Christmas Traditions Around the World
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Christmas Traditions Around the World

How does the rest of the world compare with how the United States celebrates the holidays?

Christmas Traditions Around the World
Public Domain Pictures

I recently saw the Frozen short ‘Olaf’s Frozen Adventure’ and fell in love with it, but it also got me thinking. If everyone in Arendelle can celebrate the holiday season in different ways, I wonder how countries around the world celebrate Christmas?

1. Philippines

Every year on the Saturday before Christmas Eve, the city of San Fernando (the Christmas Capital of the Philippines) hosts a giant lantern festival. People compete to make the best ones and most measure almost 20ft!

2. Greece

In Thessaloniki (Greece’s second largest city) a large three-masted ship is lit up every year in addition to a Christmas tree. Caroling is primarily done on Christmas Eve and is popular with children, especially boys, as they can be rewarded with small amounts of money, nuts, candy, and dried figs.

3. Costa Rica

Because of Costa Rica’s tropical climate, many people there decorate for Christmas with tropical flowers. Apples are popular too. The entire month of December and into January hosts fiestas, parades, rodeos, street parties, bull runs and choral and dance festivals.

4. Brazil

Christmas plays called ‘The Shepard’s’ are popular, and in the Brazilian versions of the play, there's also traditionally a shepherdess and also a woman who tries to steal the baby Jesus. Midnight mass on Christmas Eve is attended by many people. Secret Santa is popular. It is traditional to give small gifts all through December using a pretend name, which is revealed on Christmas.

5. Japan

Christmas is not seen as a religious holiday in Japan, but has become more popular in the last few decades. Christmas Eve is celebrated among couples the way Valentine’s Day is in the Western world. Fried chicken is often eaten on Christmas day. Another Japanese gift bringer (in addition to the adoption of Santa) is Hoteiosho, a Japanese god of good fortune from Buddhism and not really related to Christmas.

6. Egypt

As most of the 15% Christian population in Egypt identifies as Coptic Christian, they celebrate Christmas on January 7th instead of December 25th. They fast for a month before, calling this the ‘Holy Nativity Fast’, which is basically a vegan diet. Christmas is sometimes celebrated as secular holiday for the nonreligious in Egypt, and has become commercialized.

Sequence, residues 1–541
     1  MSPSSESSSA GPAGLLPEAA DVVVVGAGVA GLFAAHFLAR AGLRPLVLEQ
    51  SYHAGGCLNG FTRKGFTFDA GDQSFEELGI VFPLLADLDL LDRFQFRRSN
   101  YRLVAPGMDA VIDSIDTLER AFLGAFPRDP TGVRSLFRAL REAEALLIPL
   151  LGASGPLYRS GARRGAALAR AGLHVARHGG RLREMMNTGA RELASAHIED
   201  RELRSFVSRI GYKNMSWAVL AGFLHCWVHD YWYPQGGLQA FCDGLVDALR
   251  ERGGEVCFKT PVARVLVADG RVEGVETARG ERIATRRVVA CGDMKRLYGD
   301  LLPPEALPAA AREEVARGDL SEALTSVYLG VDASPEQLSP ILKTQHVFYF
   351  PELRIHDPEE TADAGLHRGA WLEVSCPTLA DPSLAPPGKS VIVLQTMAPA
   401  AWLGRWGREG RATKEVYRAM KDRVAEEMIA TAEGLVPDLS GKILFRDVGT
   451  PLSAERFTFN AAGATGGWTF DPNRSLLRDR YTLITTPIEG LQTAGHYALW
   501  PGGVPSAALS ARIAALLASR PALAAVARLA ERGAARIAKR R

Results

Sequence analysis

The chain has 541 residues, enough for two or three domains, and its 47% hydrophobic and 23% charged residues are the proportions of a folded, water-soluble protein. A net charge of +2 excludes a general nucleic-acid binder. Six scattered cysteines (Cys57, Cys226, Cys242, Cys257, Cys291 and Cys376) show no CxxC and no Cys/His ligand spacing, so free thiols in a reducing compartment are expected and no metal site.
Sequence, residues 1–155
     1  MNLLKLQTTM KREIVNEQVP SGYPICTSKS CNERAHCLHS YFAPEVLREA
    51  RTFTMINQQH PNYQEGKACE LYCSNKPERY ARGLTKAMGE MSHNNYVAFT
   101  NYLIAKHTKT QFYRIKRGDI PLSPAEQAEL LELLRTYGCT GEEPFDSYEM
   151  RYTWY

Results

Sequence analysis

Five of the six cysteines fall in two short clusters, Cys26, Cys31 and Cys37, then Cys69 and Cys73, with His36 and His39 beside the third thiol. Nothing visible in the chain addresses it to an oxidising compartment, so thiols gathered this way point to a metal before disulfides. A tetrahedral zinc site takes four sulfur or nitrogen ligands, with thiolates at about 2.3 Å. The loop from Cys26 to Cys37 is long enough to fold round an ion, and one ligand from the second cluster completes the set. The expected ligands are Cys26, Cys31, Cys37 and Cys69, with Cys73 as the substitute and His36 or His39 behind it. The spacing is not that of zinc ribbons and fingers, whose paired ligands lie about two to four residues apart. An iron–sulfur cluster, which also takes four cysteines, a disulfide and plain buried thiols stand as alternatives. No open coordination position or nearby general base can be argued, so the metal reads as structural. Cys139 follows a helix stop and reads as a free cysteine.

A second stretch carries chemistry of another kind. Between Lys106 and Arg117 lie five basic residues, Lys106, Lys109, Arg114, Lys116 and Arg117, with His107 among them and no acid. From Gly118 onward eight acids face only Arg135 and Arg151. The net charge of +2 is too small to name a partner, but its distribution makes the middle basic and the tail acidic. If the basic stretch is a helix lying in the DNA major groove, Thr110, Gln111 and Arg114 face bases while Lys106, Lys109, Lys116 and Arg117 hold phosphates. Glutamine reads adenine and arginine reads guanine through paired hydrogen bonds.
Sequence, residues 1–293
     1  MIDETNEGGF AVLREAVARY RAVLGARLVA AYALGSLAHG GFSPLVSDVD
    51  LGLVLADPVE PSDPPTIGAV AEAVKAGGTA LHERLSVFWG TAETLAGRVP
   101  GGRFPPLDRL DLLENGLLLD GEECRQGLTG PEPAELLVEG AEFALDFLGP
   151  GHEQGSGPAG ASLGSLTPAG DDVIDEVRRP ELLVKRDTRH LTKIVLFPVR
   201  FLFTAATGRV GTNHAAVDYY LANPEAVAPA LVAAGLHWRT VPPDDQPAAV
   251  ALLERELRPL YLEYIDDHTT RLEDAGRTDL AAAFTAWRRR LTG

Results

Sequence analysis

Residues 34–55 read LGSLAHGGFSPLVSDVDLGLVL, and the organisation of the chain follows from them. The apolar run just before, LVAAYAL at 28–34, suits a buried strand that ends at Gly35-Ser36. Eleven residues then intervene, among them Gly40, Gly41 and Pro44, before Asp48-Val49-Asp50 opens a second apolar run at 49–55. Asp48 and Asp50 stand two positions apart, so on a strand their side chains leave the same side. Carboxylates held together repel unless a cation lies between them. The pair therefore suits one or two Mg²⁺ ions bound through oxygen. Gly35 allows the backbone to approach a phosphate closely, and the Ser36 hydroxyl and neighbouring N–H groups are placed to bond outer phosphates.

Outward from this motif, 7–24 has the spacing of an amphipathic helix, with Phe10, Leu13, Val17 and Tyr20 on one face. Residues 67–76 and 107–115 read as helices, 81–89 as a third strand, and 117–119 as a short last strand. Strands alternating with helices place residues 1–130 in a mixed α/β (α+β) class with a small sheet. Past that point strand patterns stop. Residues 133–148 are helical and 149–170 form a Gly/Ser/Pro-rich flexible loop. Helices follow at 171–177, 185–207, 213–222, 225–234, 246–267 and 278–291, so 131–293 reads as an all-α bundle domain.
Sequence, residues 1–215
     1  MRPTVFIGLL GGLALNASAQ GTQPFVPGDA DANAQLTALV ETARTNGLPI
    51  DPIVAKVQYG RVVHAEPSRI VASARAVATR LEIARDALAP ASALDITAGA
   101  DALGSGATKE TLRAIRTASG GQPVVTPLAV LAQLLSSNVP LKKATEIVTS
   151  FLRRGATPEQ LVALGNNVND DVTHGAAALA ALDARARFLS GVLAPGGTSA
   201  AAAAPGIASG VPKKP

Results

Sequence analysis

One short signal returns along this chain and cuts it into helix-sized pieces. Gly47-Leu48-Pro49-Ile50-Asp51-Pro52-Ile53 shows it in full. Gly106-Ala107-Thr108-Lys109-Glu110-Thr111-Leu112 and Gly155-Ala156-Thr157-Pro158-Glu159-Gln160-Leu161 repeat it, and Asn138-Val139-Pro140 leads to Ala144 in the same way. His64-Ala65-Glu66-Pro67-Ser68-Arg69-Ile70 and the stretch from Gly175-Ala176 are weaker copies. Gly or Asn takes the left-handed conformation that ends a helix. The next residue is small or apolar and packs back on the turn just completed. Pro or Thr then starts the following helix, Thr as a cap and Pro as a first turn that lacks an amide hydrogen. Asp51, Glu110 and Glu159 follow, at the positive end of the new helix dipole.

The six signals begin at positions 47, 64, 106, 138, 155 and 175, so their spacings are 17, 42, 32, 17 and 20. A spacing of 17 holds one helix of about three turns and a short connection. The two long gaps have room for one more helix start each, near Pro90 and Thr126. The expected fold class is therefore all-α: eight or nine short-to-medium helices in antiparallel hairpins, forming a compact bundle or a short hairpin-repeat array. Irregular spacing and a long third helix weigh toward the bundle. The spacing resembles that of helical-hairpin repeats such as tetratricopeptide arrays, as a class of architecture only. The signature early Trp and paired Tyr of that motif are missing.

7. Nigeria

Family is very important during Christmastime in Nigeria, and most families travel to wherever older relatives are to celebrate. Christmas parties, which are usually held on Christmas Eve, can last all night long. Artificial Christmas trees and other decorations are common. Playing with firecrackers is a fun activity that most children partake in.

8. Russia

During the time Russia was considered communist (beginning in 1917 and ending in 1991) Christmas was banned. Christmas is smaller there even today, and most celebrate it on January 7th as they are Russian Orthodox. The official Christmas and New holidays in Russia last from December 31st to January 10th.

9. Finland

In Finland people believe that Father Christmas lives in the north part of the country, called Korvatunturi, which is north of the Arctic Circle. Everyone tries to be at home for Christmas, including fishermen who try to get their boats into the harbor by December 21st, which is St. Thomas' Day. Santa is also known as Joulupukki--as it was traditional that there was a Yule Goat who was scary and asked people for presents (not giving them away).

10. India

Of the 2.3% Christians in the country, most live in Mumbai or Goa. Midnight mass is very important, as most identify as Catholic. Instead of Christmas trees, banana or mango trees are often decorated. Giant paper lanterns in the shape of stars are put out on Christmas Eve. Caroling is also popular.

11. New Zealand

For Kiwis, Christmastime comes in the middle of summer vacation. Parades with floats and bands are common. Santa wears sandals here, by the way, and people visit the beach on Christmas. In addition to traditional Christmas trees, the Pōhutukawa is also used. The Pōhutukawa is also important in Maori culture and is a large tree with red leaves.

12. Hong Kong

Christmas markets and carol singing are popular in Hong Kong. There is a huge winter party known as ‘Winterfest’ that involves the shops, theme parks and other attractions. ‘Winterfest’ is not limited to Christmas, as it also features a New Year’s countdown, lights, and fireworks. Sending Christmas cards are common.

13. Lebanon

In Lebanon, 35% of the population follow a form of Christianity called Maronite Catholic. The Nativity crib is more popular than Christmas trees, and Nativity scenes built in people’s homes are based around a cave instead of a stable. Sugared almonds and strong coffee are given to guests during this time of year. Even non-Christians enjoy the big parties held in major hotels in the capital of Beirut.

I hope you have enjoyed learning about these other countries traditions as much as I have! I love that Christmas is a time of year when people from all over the world can come together to celebrate the birth of Jesus, even if it is in different ways. Merry Christmas and Happy Holidays!

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This article has not been reviewed by Odyssey HQ and solely reflects the ideas and opinions of the creator.
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